Jehovah speaks through the prophet Ezekiel, saying: “The soul who sins, he shall die: the son shall not bear the iniquity of the father, neither shall the father bear the iniquity of the son; the righteousness of the righteous shall be on him, and the wickedness of the wicked shall be on him” (Ezek. 18:20). This text agrees with the text of the books of the law: “The fathers shall not be put to death for the children, neither shall the children be put to death for the fathers: every man shall be put to death for his own sin” (Deut. 24:16).
Dealing with the conversion of the wicked, Ezekiel speaks on the part of Jehovah, the mentor of the law, saying: “But if the wicked turn from all his sins that he has committed, and keep all my statutes, and do that which is lawful and right, he shall surely live, he shall not die. None of his transgressions that he has committed shall be remembered against him: in his righteousness that he has done he shall live. Have I any pleasure in the death of the wicked? says the Lord Jehovah; and not rather that he should return from his way, and live?” (Ezek. 18:21-23). What is this justice of Jehovah? Let us hypothetically say that the wicked has been the author of twenty armed robberies, ten rapes, hundreds of lies; he is a drunkard, violent and egotistical. He left twenty widows and forty orphans. In the end he turns to Jehovah. And will there not be remembrance of his crimes because he turned to Jehovah? The train of blood, of disgraces, of unhappiness, of crying, are they all erased before the eyes of Jehovah? Where is the fulfillment of the law that says, “I, Jehovah your God, am a jealous God, visiting the iniquity of the fathers on the children, on the third and on the fourth generation of those who hate me” (Ex. 20:5)? How should we understand this unconditional forgiveness? The one who is forgiven, has his past erased, and the one who does not repent, does Jehovah visit his iniquity until the third and fourth generations? But the law was given by Jehovah to an already saved people, that is to say, to Israel. On the other hand, if conversion erases past crimes, that is an incentive to sin. The person sins freely, for he knows that, if he repents, all the evil things he has done are blotted out forever. I met a Christian who disappeared from the church when he was about eighteen years old. Ten years later I came across him and he was smoking a cigar in the company of a disreputable woman. When I saw him, I asked: what has happened to you? He answered: When I grow old I will repent and return.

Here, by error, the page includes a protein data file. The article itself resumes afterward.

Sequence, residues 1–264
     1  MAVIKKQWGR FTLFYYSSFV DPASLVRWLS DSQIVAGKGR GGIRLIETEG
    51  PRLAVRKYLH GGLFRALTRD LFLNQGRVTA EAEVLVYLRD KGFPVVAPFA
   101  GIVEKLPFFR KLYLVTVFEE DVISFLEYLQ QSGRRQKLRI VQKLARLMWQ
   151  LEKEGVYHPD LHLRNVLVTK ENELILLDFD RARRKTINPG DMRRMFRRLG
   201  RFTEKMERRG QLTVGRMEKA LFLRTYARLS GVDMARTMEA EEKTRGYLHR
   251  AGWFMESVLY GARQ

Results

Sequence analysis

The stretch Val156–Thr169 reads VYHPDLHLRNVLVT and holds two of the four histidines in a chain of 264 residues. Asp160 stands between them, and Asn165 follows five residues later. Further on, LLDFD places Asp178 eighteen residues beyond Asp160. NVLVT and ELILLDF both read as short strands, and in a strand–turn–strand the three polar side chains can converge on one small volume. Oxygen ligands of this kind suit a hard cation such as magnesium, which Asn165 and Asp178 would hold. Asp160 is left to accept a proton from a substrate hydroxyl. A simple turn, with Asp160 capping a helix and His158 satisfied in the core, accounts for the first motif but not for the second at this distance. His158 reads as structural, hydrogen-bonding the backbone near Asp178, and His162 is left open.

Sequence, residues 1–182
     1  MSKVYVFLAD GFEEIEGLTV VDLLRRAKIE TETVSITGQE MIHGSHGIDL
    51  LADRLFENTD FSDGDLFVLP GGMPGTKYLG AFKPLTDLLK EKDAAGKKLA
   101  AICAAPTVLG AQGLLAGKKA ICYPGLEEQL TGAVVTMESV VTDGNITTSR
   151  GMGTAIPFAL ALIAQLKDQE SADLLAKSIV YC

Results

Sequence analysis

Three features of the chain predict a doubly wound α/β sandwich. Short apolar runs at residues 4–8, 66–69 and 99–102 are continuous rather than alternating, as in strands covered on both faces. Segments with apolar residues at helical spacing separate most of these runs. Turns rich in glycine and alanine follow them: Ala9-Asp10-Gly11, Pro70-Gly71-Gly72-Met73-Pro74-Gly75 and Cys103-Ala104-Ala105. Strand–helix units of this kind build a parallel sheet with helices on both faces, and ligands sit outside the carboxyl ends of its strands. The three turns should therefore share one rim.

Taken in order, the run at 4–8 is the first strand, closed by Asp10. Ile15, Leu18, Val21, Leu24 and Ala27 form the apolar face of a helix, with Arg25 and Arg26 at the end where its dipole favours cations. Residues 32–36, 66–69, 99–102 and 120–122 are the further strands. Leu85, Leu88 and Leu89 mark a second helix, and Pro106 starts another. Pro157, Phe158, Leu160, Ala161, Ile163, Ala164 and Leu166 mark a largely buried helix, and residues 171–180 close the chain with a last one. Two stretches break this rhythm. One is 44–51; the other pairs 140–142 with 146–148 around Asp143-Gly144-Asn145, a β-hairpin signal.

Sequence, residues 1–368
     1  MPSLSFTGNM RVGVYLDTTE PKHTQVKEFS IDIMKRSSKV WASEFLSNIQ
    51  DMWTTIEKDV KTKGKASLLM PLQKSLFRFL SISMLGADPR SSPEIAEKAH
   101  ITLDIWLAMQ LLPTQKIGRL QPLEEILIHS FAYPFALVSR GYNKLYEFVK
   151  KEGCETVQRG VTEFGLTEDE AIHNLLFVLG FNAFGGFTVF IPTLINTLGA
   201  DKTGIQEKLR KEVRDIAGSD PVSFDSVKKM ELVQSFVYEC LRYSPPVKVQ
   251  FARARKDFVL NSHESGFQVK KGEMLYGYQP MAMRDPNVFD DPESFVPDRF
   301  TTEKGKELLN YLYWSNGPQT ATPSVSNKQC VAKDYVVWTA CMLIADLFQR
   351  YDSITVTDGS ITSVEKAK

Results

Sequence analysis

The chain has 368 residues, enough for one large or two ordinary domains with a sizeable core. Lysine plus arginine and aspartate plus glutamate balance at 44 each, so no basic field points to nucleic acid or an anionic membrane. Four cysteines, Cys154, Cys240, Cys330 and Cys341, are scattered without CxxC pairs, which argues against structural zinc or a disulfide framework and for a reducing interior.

Ezekiel goes on to say: “But when the righteous turns away from his righteousness, and commits iniquity, and does according to all the abominations that the wicked man does, shall he live? None of his righteous deeds that he has done shall be remembered: in his trespass that he has trespassed, and in his sin that he has sinned, in them shall he die” (Ezek. 18:24). What teachings can we draw from these two cases?
First, it is written in the New Testament: “As it is written, ‘There is no one righteous; no, not one’” (Rom. 3:10). Psalm 14 agrees with it, saying: “Jehovah looked down from heaven on the children of men, to see if there were any who did understand, who did seek after God. They have all gone aside. They have together become corrupt. There is none who does good, no, not one” (Ps. 14:2-3). If there is not, and there has never been one, how does Jehovah also say that there are righteous ones who live by their own righteousness?